There’s nothing nicer than stepping out into your own back garden – a private green space separated from the rest of the busy world. But have you ever considered swapping your drab wooden panels or dark metal railings for something more natural? Not only could switching fences for hedges protect you from noisy neighbours, but help to protect the environment too.
The Royal Horticultural Society (RHS) are encouraging gardeners to hedge their bets and plant a natural screen around their land. The call follows new research showing how bushes provide a range of frontline environmental services. It also forms part of the charity’s Greening Great Britain campaign which hopes to inspire the public to transform urban concrete corners into thriving green spaces.
Publishers of a recent report, Science Direct claim studies involving different forms of green infrastructure (GI) including street trees, hedges, green roofs and parks have identified how plants contribute to a number of important ecosystem services (ESs).
Analysis by the RHS – the charity of 44 of the most popular hedges – found that as well as mitigating flooding, capturing pollutants and acting as a sound barrier, hedges can even help to heat and cool the home.
Further, hedge species in urban environments were also identified as a crucial resource for a variety of wildlife through providing them with shelter, nest sites, food resources and corridors for movement.
Matthew Beziat, Flickr.
However, Science Direct emphasise the importance in ensuring that the decision to plant hedges is evidence-based due to the varying structure of hedges which makes different species suited for specific roles.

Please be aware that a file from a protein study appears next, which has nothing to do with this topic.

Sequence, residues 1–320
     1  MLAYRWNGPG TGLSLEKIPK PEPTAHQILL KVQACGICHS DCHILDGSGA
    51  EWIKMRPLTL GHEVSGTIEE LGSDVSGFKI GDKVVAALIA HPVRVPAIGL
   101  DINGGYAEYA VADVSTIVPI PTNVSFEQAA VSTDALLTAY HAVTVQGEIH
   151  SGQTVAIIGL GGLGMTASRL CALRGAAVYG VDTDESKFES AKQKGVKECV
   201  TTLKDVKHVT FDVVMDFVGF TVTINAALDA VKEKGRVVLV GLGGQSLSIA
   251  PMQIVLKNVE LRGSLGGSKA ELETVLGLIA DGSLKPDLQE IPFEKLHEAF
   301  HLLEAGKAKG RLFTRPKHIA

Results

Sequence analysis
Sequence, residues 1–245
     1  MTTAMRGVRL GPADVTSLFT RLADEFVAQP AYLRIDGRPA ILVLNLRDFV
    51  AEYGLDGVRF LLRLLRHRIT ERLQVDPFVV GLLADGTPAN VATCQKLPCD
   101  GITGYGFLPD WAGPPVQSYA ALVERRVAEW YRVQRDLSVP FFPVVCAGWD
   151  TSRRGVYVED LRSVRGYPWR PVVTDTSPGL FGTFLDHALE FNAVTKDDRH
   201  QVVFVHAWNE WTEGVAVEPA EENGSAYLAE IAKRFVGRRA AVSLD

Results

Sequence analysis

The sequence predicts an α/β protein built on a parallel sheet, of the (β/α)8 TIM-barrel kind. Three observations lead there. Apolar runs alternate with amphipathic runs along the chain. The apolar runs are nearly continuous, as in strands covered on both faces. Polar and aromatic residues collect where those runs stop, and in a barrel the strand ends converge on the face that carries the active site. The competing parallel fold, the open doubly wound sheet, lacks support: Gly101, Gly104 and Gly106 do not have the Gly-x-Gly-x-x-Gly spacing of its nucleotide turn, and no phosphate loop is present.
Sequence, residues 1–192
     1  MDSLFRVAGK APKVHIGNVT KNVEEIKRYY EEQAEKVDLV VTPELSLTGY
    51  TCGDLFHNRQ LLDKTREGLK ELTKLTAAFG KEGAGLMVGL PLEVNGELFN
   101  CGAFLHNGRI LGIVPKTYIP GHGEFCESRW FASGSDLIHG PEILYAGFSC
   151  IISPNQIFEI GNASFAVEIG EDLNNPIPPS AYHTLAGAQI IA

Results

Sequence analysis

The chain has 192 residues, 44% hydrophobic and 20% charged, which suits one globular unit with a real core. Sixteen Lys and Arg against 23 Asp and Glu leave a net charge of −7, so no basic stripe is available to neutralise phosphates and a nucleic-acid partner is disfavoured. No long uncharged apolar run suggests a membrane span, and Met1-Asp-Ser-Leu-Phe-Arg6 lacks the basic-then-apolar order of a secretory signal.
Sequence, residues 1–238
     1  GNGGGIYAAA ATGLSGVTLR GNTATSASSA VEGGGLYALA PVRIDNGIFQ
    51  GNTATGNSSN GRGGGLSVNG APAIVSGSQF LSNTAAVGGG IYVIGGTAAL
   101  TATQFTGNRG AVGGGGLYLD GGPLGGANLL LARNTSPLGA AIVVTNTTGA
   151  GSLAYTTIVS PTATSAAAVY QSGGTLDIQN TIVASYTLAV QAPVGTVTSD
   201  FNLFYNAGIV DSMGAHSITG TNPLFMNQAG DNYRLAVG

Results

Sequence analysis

For instance, ‘Those with hairy, rough and oval leaves, better capture and retain particulates with dense, but porous canopies capturing the most. A yew canopy exposed to roadside pollution can accumulate and retain, for example, four times more particles than Photinia which has smoother leaves and is less dense,’ explain the RHS.
Meanwhile, wide, tall and layered evergreen species have proven particularly effective in acting as sound barriers such as Japanese barberry (Berberis thunbergii), with English yew (Taxus baccata) and Western Red Cedar (Thuja plicata) found to be the top performing, they continue.
To support wildlife, the charity recommend planting a mixture of species to extend flowering or fruiting periods and provide a more diverse structure. These include Hawthorn (Crataegus monogyna), Beech (Fagus sylvatica), Rosa rugosa and English yew.
Finally, plants with a large leaf surface, higher transpiration rates and evergreen canopies such as Hawthorn have been associated with better rainfall retention and therefore reduce flooding, add the RHS.
The best all-round performers suitable for UK gardens include Beech, Holly, Privet, Western Red Cedar and Rose.
Principal Horticultural Scientist for the RHS, Tijana Blanusa says: ‘In a world that is rapidly urbanising and where there is pressure on land use through the increased densification of cities, the relatively compact nature of the urban hedge may have a pivotal role in ensuring our cities remain “liveable," through its various ecosystem benefits.’
The charity advise planting evergreen and semi-evergreen hedges in early autumn and deciduous hedges in mid-autumn to late winter, but they suggest delaying planting if soil is waterlogged or frozen. Ensuring new hedges are well-watered for the first two years is essential, they explain.